1. Jocelyne Lamoureux-Davidson, USA
History was made in Team USA's 5-0 win over the Olympic Athletes from Russia when the three-time Olympian scored two goals in six seconds in the second period to set an Olympic hockey record for players of any gender. The original mark of eight seconds was set by Sweden's Carl Goran Oberg at the 1960 Squaw Valley Games. Lamoureux-Davidson's second goal will stand as one of the filthiest of the tournament:
Jocelyne Lamoureux with literally the filthiest goal in this entire tournament
U N R E A L pic.twitter.com/DSt4AE4mrV
- Hannah Bevis (@Hannah_Bevis1) February 13, 2018
2. Marie-Philip Poulin, Canada
Olympic athletes are used to being showered with gifts when they arrive on site. Well, Finland captain Jenni Hiirikoski gave one to Poulin in the first period of their game, and the Canadian hockey star buried it top shelf for a backbreaking goal that made it 2-0 in the first period. The tally came after Canada killed off two consecutive Finnish power plays. Canada defeated the Finns 4-1.
Marie-Philip Poulin takes advantage of the turnover and goes backhand shelf. 2-0 @HC_Women ðŸ‡¨ðŸ‡¦ pic.twitter.com/KqkOz2wRY0
- Shayne Pasquino (@shaynepasquino) February 13, 2018
3. Noora Raty, Finland
Once again, the star goalie did all she could to keep her overmatched team in the game. After giving the Americans a small scare in the opener, Raty saw her team outshot 24-10 through two periods against Canada. She will hopefully get another crack at one of the superpowers in the medal round. Perhaps by then, the announcers will figure out how to pronounce her name. (For the record, it's "Nor-uh Rah-too.")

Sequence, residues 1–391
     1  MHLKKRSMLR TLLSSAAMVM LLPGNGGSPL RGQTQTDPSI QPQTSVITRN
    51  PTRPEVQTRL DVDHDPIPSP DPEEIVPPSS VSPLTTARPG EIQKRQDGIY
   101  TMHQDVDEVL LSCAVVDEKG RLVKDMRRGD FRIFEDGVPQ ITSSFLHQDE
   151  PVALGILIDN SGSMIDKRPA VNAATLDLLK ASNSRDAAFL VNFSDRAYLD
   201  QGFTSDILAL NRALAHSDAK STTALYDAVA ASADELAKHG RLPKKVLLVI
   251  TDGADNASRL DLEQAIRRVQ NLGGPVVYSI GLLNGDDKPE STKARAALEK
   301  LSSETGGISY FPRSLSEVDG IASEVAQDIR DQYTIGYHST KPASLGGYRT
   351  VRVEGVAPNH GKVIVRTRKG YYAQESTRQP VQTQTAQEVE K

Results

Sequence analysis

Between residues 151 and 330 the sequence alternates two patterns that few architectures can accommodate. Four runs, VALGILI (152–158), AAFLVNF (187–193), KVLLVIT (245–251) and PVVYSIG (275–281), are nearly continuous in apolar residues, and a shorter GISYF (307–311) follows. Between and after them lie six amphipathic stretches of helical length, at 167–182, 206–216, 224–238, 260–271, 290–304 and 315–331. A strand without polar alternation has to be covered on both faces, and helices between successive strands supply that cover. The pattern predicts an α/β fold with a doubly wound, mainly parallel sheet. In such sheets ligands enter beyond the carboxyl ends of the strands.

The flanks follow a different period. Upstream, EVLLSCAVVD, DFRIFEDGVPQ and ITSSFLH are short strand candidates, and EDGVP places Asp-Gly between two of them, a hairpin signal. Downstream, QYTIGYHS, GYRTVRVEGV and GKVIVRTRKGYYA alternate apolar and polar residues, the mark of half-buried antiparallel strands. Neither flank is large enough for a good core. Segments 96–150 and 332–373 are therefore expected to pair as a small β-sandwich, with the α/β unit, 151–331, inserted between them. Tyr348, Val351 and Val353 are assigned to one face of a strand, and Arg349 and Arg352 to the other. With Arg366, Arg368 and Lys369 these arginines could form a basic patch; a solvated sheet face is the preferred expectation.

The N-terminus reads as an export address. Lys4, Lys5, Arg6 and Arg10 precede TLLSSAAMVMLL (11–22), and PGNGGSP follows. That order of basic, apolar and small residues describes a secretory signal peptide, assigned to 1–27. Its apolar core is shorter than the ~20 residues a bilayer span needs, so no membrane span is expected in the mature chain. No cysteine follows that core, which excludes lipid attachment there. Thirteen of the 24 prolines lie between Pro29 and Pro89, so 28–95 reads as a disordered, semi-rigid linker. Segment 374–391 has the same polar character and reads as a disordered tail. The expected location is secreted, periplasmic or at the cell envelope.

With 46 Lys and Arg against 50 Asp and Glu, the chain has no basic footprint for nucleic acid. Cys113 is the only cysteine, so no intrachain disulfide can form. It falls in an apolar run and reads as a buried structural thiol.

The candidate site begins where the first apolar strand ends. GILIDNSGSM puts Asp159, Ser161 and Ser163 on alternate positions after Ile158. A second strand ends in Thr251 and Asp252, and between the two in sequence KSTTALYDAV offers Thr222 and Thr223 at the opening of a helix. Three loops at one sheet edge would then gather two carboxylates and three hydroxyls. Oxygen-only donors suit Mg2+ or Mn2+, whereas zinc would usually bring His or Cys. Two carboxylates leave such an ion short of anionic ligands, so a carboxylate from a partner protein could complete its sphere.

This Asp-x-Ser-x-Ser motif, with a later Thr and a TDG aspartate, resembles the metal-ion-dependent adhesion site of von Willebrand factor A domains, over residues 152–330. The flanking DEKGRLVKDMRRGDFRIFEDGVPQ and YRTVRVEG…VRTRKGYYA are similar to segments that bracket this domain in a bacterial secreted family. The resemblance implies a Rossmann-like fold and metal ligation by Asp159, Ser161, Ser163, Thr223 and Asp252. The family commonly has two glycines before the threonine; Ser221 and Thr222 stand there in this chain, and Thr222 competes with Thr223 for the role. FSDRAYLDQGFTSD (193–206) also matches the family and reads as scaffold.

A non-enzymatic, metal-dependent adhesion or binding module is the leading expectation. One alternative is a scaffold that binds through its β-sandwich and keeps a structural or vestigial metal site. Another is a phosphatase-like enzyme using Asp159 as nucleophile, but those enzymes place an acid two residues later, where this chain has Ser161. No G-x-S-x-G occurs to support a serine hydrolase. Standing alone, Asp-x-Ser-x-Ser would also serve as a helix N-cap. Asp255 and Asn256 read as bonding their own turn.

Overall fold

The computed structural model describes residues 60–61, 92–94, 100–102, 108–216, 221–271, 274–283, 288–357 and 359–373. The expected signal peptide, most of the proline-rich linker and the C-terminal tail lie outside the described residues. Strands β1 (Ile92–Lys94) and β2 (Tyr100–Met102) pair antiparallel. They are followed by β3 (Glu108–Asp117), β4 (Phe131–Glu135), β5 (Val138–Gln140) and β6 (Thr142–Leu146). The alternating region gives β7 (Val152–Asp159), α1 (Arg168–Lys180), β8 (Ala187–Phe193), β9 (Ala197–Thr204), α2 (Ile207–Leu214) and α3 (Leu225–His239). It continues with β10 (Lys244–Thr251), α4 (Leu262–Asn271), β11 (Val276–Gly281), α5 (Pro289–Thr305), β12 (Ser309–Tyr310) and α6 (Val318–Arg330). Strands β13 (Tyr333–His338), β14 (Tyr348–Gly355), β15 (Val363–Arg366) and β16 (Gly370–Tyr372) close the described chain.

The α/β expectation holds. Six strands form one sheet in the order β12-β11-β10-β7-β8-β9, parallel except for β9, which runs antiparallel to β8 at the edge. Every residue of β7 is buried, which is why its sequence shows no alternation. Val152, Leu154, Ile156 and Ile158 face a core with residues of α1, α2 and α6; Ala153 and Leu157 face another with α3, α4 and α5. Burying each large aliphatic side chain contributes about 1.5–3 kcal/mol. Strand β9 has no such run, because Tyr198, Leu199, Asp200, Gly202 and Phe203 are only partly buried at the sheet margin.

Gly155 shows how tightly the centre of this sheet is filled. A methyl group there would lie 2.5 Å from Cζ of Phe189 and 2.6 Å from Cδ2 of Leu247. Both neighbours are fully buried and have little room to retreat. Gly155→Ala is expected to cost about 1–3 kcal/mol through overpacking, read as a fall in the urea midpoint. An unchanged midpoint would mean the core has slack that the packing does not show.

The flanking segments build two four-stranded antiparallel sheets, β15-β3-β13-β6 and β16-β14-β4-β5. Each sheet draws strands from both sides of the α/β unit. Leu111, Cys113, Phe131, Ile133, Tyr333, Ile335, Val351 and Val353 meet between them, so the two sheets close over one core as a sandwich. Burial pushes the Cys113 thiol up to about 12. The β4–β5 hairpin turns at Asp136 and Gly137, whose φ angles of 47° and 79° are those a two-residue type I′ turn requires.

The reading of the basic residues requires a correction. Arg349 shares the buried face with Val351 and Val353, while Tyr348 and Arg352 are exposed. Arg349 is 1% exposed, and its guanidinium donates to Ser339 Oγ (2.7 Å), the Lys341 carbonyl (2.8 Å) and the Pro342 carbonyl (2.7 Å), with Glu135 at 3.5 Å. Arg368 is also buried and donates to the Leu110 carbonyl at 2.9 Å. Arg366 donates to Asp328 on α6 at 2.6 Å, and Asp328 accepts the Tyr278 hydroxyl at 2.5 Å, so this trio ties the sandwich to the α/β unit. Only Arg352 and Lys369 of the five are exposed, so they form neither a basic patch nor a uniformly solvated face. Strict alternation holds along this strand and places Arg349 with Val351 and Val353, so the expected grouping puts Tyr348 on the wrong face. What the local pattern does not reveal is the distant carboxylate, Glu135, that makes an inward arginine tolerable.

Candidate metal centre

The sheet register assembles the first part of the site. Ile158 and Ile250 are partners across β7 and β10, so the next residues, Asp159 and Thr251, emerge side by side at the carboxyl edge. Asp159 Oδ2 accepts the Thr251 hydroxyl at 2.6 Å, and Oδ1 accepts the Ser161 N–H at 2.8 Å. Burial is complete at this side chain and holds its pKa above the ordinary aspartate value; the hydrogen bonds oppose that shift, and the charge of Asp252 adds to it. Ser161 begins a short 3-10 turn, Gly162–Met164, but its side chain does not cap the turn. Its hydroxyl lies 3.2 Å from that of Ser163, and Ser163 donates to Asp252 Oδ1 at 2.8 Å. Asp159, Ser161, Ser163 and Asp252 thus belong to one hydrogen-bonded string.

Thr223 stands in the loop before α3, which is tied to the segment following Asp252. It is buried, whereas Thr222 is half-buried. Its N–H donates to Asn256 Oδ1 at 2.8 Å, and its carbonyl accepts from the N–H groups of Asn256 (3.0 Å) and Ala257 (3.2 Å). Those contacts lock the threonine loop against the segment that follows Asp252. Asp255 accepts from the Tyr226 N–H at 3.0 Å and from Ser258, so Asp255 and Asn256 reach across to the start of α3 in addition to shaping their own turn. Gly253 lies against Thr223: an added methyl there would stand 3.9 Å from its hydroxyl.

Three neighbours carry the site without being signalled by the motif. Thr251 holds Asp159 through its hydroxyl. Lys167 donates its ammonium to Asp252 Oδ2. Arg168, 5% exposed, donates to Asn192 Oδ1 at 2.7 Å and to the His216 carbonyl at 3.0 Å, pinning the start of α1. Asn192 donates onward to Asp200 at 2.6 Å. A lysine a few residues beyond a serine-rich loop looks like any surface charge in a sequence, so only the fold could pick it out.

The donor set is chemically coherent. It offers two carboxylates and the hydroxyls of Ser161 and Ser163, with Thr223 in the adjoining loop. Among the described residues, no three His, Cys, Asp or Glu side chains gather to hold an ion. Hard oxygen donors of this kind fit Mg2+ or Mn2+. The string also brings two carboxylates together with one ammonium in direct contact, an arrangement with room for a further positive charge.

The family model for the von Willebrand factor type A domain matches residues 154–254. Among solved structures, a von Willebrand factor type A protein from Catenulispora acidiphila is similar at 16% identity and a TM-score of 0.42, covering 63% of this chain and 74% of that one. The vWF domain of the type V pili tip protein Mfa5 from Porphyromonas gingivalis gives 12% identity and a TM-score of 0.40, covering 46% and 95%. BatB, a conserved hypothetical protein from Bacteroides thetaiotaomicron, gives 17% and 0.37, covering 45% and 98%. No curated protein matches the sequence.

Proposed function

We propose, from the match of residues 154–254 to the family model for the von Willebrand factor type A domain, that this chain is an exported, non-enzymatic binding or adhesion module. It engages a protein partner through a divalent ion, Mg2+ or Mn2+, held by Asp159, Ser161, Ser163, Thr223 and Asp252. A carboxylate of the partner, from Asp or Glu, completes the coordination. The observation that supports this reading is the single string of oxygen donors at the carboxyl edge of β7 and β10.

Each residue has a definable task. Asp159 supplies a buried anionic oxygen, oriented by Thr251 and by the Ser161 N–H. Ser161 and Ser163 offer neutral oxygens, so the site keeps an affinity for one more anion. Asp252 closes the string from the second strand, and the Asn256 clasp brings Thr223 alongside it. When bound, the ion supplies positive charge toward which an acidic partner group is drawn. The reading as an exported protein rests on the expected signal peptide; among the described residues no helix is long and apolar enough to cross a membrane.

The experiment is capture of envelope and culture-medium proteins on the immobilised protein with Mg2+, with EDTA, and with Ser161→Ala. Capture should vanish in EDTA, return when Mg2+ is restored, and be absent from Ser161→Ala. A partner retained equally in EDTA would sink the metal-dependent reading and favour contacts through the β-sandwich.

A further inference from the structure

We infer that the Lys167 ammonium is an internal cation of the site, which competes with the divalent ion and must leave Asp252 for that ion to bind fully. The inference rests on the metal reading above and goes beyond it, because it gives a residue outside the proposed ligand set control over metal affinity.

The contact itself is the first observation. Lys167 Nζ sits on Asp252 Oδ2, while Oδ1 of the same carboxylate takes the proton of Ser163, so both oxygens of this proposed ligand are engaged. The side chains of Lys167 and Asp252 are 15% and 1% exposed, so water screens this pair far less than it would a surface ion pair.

After losing 5-0 to Canada in their opener, the Olympic Athletes from Russia looked about as disorganized as a team can look as the Americans scored three goals in 2:52 to blow their preliminary game wide open. On Lamoureux-Davidson's second goal, it appeared the entire Russian defense was looking for a contact lens on the ice. It was that bad.
Does the Statue of Liberty qualify as "the wording or lyrics from national anthems, motivational words, public/political messaging or slogans related to national identity?"
USA Hockey: Lady Liberty goalie masks get OK https://t.co/THtHncBmES
- Greg Wyshynski (@wyshynski) February 13, 2018
Turns out, it does not in the eyes of the International Olympic Committee, which had initially requested that Lady Liberty be removed from the masks of U.S. goalies Nicole Hensley and Alex Rigsby. The IOC informed the Americans before their game against OAR that a universally accepted symbol of freedom was not, in fact, nationalist propaganda and that the masks did not have to be altered.
Please recall the 2014 Sochi Games, in which the IOC had Team USA goalie Jessie Vetter remove the preamble to the Constitution from her mask and had men's goalie Jonathan Quick cover up the phrase "Support the Troops" on his mask.